Oral Bacteria Could Produce Heart Disease

There’s a newly discovered correlation between gum disease and heart disease.

Gum disease and heart disease are caused by the same bacteria, according to a University of Florida study. The study was reported at the American Society for Microbiology annual meeting.

The researchers came to their conclusion based on studying mice. When oral bacteria were placed into their bloodstream, the risk factors for atherosclerotic heart disease increased.

Heart disease is the top cause of death in North America. Gum disease impacts nearly half of Americans and results from bacteria that grow on the teeth under the gums.

Gum disease, however, isn’t considered a traditional risk factor for heart disease. In 2012, the American Heart Association acknowledged a correlation between gum disease and heart disease but not causal association.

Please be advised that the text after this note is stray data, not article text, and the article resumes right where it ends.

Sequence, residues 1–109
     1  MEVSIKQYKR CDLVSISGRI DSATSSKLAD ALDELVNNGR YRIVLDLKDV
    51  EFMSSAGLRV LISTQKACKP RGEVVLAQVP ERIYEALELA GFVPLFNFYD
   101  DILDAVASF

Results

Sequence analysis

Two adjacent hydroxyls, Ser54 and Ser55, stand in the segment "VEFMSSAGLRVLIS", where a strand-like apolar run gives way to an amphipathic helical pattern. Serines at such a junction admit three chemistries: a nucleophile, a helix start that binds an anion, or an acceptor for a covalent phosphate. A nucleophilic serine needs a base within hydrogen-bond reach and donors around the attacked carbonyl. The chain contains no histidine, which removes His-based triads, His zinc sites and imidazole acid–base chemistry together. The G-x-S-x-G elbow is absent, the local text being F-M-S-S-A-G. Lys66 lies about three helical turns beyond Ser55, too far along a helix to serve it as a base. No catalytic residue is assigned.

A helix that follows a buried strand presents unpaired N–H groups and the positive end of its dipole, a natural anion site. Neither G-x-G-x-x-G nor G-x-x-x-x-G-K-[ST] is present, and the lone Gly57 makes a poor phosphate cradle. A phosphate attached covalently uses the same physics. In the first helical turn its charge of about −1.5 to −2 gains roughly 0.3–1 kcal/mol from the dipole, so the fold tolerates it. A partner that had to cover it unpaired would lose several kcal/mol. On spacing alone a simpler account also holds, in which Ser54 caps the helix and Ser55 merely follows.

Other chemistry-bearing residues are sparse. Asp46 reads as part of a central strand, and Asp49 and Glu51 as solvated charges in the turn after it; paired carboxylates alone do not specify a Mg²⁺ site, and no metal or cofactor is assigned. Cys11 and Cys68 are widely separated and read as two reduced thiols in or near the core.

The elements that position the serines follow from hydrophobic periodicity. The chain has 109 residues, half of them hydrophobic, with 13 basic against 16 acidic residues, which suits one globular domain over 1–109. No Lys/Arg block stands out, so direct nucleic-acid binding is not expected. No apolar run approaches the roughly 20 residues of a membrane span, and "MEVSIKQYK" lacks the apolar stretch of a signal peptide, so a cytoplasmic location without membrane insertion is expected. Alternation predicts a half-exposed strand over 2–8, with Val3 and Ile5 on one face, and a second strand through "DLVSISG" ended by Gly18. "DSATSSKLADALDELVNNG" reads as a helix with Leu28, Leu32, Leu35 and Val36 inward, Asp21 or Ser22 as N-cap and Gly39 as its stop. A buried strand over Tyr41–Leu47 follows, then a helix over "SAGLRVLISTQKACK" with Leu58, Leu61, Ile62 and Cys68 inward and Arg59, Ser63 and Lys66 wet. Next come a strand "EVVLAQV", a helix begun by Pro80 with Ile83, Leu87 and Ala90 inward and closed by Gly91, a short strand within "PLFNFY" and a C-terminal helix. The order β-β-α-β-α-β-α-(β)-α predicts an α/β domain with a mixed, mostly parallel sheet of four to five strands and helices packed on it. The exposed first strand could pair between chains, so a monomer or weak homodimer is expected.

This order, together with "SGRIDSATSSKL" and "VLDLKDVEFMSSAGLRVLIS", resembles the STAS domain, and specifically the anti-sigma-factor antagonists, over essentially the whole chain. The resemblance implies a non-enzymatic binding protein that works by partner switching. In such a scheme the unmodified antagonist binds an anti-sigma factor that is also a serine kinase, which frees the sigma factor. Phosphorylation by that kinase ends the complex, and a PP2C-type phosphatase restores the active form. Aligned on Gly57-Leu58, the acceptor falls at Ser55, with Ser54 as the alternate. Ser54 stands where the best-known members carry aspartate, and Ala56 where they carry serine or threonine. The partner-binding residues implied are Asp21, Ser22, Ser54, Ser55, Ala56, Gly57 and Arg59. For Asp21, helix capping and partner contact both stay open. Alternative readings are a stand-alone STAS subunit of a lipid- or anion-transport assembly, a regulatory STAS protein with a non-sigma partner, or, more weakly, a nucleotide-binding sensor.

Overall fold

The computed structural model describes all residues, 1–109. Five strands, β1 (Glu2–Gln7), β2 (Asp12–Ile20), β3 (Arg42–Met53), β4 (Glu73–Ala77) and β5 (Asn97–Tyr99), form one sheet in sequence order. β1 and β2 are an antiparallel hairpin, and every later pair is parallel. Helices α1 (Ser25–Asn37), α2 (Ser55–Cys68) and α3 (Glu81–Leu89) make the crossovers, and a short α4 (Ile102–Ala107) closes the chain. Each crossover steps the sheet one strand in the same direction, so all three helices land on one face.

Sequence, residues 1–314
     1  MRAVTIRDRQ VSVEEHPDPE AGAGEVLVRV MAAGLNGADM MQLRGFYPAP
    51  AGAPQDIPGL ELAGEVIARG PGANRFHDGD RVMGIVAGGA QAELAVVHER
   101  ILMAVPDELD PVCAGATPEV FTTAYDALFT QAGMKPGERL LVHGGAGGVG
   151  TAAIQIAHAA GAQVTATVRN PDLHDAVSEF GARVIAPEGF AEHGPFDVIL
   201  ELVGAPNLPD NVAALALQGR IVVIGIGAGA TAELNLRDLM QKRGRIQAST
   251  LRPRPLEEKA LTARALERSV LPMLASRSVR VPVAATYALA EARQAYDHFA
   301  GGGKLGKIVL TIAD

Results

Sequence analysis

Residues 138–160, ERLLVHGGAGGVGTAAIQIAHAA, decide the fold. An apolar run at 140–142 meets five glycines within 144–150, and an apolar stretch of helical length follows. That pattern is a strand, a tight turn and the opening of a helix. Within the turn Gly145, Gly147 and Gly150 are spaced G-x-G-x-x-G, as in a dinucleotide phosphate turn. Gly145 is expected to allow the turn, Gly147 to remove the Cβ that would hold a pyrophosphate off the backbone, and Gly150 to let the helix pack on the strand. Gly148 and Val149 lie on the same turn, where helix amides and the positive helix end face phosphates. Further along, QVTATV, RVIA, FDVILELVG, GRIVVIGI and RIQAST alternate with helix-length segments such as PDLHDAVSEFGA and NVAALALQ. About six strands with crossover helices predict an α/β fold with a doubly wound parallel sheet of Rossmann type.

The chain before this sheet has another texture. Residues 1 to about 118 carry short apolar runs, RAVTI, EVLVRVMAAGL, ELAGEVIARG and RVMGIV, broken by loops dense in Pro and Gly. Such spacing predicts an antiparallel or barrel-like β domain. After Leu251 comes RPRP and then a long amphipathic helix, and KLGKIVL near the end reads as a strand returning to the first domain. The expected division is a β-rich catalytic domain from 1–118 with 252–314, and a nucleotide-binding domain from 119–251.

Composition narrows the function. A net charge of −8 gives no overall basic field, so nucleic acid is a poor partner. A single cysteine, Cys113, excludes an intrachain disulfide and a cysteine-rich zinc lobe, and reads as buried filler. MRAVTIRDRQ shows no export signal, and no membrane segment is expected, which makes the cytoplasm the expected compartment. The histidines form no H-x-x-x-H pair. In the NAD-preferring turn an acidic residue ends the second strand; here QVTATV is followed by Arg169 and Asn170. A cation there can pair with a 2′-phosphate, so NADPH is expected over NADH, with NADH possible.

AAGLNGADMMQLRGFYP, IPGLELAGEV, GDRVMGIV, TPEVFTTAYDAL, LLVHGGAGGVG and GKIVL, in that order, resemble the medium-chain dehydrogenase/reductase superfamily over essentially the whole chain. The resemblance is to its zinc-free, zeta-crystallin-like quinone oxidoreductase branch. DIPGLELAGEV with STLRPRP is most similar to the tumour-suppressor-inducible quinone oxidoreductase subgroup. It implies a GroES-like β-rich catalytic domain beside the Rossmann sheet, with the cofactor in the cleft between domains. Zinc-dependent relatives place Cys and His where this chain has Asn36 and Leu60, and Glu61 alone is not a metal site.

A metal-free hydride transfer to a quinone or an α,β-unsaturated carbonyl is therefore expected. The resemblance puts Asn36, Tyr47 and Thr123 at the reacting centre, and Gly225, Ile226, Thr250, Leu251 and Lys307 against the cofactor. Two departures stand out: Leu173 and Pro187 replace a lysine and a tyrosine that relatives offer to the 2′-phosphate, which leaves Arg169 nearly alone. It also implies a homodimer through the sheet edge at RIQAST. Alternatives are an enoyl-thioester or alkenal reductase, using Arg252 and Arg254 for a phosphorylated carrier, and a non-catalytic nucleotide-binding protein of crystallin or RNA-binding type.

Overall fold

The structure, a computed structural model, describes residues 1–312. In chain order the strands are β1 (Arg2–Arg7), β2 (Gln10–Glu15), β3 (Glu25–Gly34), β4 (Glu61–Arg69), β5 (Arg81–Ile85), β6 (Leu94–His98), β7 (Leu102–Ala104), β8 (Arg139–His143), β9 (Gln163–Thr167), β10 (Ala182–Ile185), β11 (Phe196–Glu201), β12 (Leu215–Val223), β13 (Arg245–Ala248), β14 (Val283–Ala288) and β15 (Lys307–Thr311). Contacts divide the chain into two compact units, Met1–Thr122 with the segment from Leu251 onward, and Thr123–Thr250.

To come to the conclusion it did, the research team infected mice with four types of bacteria. There was relationship involving gum disease and risk factors for heart disease after the mice were infected. Some of the issues they encountered were higher cholesterol and inflammation, which are generally associated with heart disease.

This study is part of comprehensive study on gum disease and the way it impacts overall health. It’s important for all people—specifically people in the medical field—to understand that oral health affects overall health.